What a disgusting, disrespectful article! Why personal attacks? Apparently Ms. Hamilton doesn’t have any substance on her side to try to rely upon. And was Ms. Hamilton making the same comments towards Barack Obama’s extensive use of executive orders? And no, the President is not trying to dismantle government and government agencies. I worked at EPA for six years and can tell you that the waste in federal government is extensive and that is exactly what Mr. Trump has targeted. A degree in rocket science is not required to Ms. Hamilton may wish to examine facts for a change. And to advocate that states disregard federal law is shocking (and to do so to harbor criminals is disgusting). Violation of the law, contrary to Ms. Hamilton’s strange statement, is certainly not “the system working as it should”, it is quite the opposite. Also, Mr. Trump is not an imperial president, as Ms. Hamilton states; indeed, her article contradicts itself when she states that he is allegedly dismantling the government. He of course is not, as I stated above, he is trying to reign in a too-often out-of-control government that is consuming large amounts of hard-working peoples’ incomes and creating such extreme dangers as the Obama administration’s spying on a presidential candidate. It is also odd for a liberal to now effectively embrace the Tenth Amendment, when the last eight years for liberals it was all about the federal government’s power. Also, the rulings against the temporary immigrant travel ban from seven and then six nations were certainly not constitutionally based, despite Ms. Hamilton’s desires; they were political decisions that shockingly ignored the applicable statute (which is very clearly drafted), duly enacted by Congress (8 U.S.C. 1182(f)), that allows a president to restrict entry into the United States for national security reasons (here, the infiltration of terrorists into the United States, of which Ms. Hamilton apparently has no concern).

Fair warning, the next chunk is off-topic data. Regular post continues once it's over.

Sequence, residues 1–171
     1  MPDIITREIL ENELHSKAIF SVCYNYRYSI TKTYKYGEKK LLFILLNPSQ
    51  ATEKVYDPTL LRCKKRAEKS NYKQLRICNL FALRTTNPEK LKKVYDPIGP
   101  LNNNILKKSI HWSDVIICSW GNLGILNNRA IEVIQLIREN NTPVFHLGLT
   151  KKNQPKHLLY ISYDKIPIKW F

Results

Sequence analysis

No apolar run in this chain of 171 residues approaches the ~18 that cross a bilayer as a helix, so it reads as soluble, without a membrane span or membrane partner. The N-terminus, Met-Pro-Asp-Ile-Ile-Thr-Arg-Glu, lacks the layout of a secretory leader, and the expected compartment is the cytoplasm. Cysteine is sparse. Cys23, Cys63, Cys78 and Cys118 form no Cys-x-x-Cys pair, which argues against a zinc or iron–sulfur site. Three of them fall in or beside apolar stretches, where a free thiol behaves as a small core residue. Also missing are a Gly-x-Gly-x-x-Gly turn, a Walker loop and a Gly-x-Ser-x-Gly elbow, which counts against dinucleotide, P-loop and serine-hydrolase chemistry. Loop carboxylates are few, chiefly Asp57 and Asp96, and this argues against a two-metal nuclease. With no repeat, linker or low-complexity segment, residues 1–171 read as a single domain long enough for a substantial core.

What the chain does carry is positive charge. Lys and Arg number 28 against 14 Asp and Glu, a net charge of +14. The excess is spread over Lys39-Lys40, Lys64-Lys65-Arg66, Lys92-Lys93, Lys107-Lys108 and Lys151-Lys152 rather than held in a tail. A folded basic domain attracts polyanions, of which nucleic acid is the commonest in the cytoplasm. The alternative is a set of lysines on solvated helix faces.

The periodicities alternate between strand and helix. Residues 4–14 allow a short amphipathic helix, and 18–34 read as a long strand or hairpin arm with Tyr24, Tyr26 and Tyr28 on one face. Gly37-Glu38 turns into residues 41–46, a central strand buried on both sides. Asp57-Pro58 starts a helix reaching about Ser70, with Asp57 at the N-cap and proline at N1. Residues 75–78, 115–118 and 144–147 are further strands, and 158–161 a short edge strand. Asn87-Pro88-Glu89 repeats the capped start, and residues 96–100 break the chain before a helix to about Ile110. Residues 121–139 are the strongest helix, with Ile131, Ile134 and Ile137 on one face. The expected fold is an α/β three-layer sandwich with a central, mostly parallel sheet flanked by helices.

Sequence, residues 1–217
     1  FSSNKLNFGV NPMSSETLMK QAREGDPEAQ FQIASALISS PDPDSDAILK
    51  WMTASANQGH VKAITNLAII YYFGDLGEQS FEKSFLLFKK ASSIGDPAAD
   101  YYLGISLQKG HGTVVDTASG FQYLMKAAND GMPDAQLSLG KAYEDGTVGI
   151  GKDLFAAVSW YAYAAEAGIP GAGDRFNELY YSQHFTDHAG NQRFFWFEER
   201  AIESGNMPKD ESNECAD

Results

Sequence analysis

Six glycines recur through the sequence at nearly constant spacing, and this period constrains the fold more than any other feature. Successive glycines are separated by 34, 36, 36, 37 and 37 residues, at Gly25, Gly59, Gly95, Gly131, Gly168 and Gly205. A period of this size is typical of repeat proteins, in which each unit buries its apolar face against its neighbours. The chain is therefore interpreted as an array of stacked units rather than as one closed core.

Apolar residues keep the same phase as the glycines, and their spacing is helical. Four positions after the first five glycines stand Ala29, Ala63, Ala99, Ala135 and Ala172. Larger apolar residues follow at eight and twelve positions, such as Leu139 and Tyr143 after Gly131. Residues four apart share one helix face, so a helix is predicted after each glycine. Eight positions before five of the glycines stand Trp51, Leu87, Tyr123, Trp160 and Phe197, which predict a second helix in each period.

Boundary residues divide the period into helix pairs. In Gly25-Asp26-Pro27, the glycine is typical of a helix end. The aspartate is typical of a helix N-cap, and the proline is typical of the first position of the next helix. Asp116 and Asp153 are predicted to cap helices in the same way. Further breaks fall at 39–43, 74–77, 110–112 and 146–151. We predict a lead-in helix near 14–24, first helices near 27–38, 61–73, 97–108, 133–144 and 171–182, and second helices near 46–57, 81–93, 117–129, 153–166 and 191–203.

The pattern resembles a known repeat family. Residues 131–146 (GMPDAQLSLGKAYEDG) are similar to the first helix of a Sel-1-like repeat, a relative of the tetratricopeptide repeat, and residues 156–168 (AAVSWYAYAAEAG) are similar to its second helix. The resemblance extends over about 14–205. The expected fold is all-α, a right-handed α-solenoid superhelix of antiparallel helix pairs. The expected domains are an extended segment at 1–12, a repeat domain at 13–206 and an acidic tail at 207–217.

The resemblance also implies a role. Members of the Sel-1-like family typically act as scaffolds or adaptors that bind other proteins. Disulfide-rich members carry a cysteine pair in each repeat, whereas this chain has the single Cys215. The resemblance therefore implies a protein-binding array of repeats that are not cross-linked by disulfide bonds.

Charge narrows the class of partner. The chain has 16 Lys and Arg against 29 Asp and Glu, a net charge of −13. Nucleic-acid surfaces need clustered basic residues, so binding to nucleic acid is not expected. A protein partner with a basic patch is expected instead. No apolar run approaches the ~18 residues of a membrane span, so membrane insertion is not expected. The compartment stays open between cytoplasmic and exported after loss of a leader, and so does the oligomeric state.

It is interesting that this article never mentioned that President Trump followed a person who sought to fundamentally transform America. And when Congress that represents the people countered his fundamental transformation he just used his pen, phone and civil disobedience to get his way. This behavior has been seen before. Those of us that served in the military during the draft days were shown a series of 7 films entitled “Why We Fight”. Film 1 showed how a representative government was overthrown. There was always an excuse to shut down the representative part of the government. Then under some misinterpretation and pretext of the law a sympathetic court would endorse the executive’s actions. The judges claiming that economic damage is superior to safety and security concerns is a stretch no matter how you look at it. Secondly, many of the taxpayers in those states support the colleges and universities with their tax dollars yet many of their children are unable to attend those institutions of higher learning because of money and diversity. Most taxpayers are unaware that 20% and more of the students attending these schools are not from America. That increases the physical costs of buildings as well as staff. So the Court greatly exceeded it’s authority while Congress in it’s usual compliant foot dragging way to irrelevancy did nothing. Much as the Japanese Diet, German Reichstag and Italian Parliamento were made irrelevant before WWII by Hirohito, Hitler and Mussolini. That series of films is also very informational about the role street riots play in the transformation(elimination)of representative government. It’s on YouTube for now but if they take it down it can still be found in the archives and is well done by Frank Capra. It seem to me that Trump was very much in tune with the film makers. Maybe they were wrong too.
I sincerely hope this writer is not just being optimistic. Me, I’m not very optimistic that we will get out of this presidency with anything like the strong protections for workers, women, children, the elderly, the disabled, or veterans we have now. We don’t even have decent protections for minorities, and he’s intent on destroying those, too!